In an historic turning point for the lighting industry, the UK government has decided to ban the sale of halogen light bulbs.
From September this year, the sale of low-efficiency, high energy halogen light bulbs will be banned in an attempt to reduce the UK’s carbon footprint in line with its net zero target of 2050.
Many types of halogen light bulbs have been banned for several years, and old-fashioned incandescent bulbs were ousted by the EU a long time ago, and this latest move is the final nail in the coffin for what is, frankly, an outdated technology.
Consequently, the plan will help continue the ever-increasing shift towards low-energy LED lighting systems, which now account for about two-thirds of lights sold in the country, this is set to increase to 85% in the coming decade.
This shift from halogen to LED is no accident. The benefits of LED lighting compared to its traditional counterparts are plentiful and have been told several times on this site alone, so let’s focus on the real reason why the government has decided that this is halogen’s time to leave.
Before that, however, let’s explore the history of halogen bulbs; how they became popularised; and how the world eventually fell out of love with them.
The Rise & Fall of the Halogen Light Bulb
The first commercial halogen light bulb was used in the 1950s by the American conglomerate General Electric. They were created with a small amount of halogen gas – where the bulb gets its namesake – such as iodine or bromine, and a tungsten filament which grew brighter as it is heated up; the higher the temperature that the filament reached, the brighter it shone.
As their popularity grew in the coming decades, two variants of halogen lamps emerged: one-sided and two-sided.
One-sided halogens were (and often still are) used commercially in car headlights and film projectors, and domestically in general or desktop lighting due to their strong light and small size. Two-sided halogens were stronger and could shine brightly instantly, and so were helpful for floodlights and film production lighting purposes.
Despite their popularity, they came with a host of problems that, until the rise of LEDs, people simply learned to live with. For example, the high temperatures and pressure found inside a halogen light bulb often caused them to explode as they reached the end of their life.
As discussed in this previous blog post, LED lighting began to grow in popularity from around 2015 as its plethora of benefits illuminated users and businesses what the future of lighting really looked like.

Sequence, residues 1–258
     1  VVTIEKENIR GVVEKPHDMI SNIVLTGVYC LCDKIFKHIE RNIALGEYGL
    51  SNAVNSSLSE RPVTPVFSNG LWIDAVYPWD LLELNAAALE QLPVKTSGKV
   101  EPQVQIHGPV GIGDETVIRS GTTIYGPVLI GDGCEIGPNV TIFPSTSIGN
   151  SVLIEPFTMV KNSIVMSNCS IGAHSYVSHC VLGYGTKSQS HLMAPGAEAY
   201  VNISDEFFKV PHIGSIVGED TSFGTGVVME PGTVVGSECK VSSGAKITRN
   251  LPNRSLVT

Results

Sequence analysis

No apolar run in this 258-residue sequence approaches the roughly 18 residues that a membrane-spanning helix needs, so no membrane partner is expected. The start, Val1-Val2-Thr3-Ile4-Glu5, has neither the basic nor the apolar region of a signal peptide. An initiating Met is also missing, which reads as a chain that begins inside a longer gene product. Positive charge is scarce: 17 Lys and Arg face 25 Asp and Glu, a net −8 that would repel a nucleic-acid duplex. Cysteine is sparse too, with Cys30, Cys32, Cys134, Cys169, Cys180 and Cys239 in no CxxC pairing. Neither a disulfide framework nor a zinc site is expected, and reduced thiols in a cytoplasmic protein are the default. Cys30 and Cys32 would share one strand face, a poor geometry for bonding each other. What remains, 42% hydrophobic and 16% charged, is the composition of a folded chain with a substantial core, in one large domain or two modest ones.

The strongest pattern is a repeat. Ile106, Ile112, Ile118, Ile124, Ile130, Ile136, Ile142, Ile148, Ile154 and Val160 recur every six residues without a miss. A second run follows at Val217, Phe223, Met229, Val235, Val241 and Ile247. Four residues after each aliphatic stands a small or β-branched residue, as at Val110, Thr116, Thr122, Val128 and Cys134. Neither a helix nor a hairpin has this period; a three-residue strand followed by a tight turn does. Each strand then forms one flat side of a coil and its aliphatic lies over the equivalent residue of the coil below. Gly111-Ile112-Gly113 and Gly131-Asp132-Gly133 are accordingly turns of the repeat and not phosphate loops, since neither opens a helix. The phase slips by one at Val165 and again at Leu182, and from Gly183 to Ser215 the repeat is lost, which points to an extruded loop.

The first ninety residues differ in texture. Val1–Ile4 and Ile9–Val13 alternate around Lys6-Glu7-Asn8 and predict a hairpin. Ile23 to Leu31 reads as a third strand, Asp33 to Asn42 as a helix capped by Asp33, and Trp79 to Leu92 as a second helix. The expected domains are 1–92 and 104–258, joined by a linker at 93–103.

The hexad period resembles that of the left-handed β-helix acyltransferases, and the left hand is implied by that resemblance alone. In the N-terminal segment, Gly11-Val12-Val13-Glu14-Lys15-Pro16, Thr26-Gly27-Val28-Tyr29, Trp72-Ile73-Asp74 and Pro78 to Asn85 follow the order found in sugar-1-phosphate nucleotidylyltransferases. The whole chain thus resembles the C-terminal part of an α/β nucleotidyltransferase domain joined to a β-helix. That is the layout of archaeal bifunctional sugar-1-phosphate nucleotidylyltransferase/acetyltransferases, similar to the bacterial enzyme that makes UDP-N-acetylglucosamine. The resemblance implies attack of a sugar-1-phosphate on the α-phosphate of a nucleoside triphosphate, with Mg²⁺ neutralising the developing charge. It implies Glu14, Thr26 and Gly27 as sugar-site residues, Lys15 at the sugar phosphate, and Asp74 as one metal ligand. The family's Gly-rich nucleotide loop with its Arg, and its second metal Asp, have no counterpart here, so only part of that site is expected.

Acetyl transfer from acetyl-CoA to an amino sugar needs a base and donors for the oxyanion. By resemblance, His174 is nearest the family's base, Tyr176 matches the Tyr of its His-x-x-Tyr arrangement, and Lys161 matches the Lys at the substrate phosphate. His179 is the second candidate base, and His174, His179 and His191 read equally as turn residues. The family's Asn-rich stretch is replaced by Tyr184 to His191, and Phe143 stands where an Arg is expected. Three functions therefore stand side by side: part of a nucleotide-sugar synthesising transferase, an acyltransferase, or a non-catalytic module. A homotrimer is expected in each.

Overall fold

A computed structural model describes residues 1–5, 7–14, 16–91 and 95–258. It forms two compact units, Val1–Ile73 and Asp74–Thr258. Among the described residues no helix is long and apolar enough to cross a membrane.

Halogen lights, especially in commercial use like on film studios, were usually kept behind a protective screen to avoid any fire or medical hazards associated with this very distinct design flaw.
This heating element of the halogen light bulb also meant that they were incredibly inefficient in how much light they gave out compared to the amount of heat. Some figures claim that 95% of the energy emitted by these bulbs is heat energy.
All of this combined with the relatively low lifespan of halogen bulbs – at around 2,000 hours – spelt the end of the halogen bulb once environmentalism and low carbon goals became the world’s goal for a sustainable future.
Why LEDs are filling the gap that halogen is leaving in its place
Most notably, its 50,000-hour lifespan compared to halogen’s 2,000 hours is an immediate benefit. This was a benefit for users as they no longer had to worry about replacing their lighting anywhere near as much as they once did and was also beneficial for the planet as less waste was being generated.
LEDs’ durability in different weather conditions and temperatures also makes it a reliable and long-lasting lighting option that nets fewer replacements and therefore less waste in landfill.
Furthermore, LEDS contain no hazardous materials which require specialist removal and disposal. With fewer specialist disposal vehicles driving up and down our roads, fewer emissions are being pumped into our surroundings.
Another clear benefit of LED lighting compared to halogen is its energy efficiency. Due to their high lumen output per watt, LEDs turn most of their energy into light, making them much more efficient than halogen which, as mentioned, can waste almost all their energy on creating heat energy. For business and home owners, this is also an optimal scenario as it means lower electricity bills.
On top of this, LEDs have the unique ability of directional lighting, whereby the light emitted is done so in one direction as opposed to all around. This ensures that no light is wasted, and every lumen is used. This is especially ideal for task lighting during reading, cooking, or other hobbies.
As you can see, the banning of halogen light bulbs (and their inevitable replacement with LEDs) is an obvious step in the UK’s journey towards a sustainable, net zero reality. In 2017 alone, buildings in the UK accounted for nearly a fifth of carbon emissions but by replacing every lighting fixture in every UK building with more energy efficient options like LEDs, this percentage will be significantly lower in the future.
To know more about how you can embrace the future of lighting and contribute to the UK’s net zero goals, contact Cube Lighting & Design here to see if you qualify for free LED lighting installation!
Want to keep reading? Check out the latest blog post from Cube here:
Why more people are turning to dimmable lighting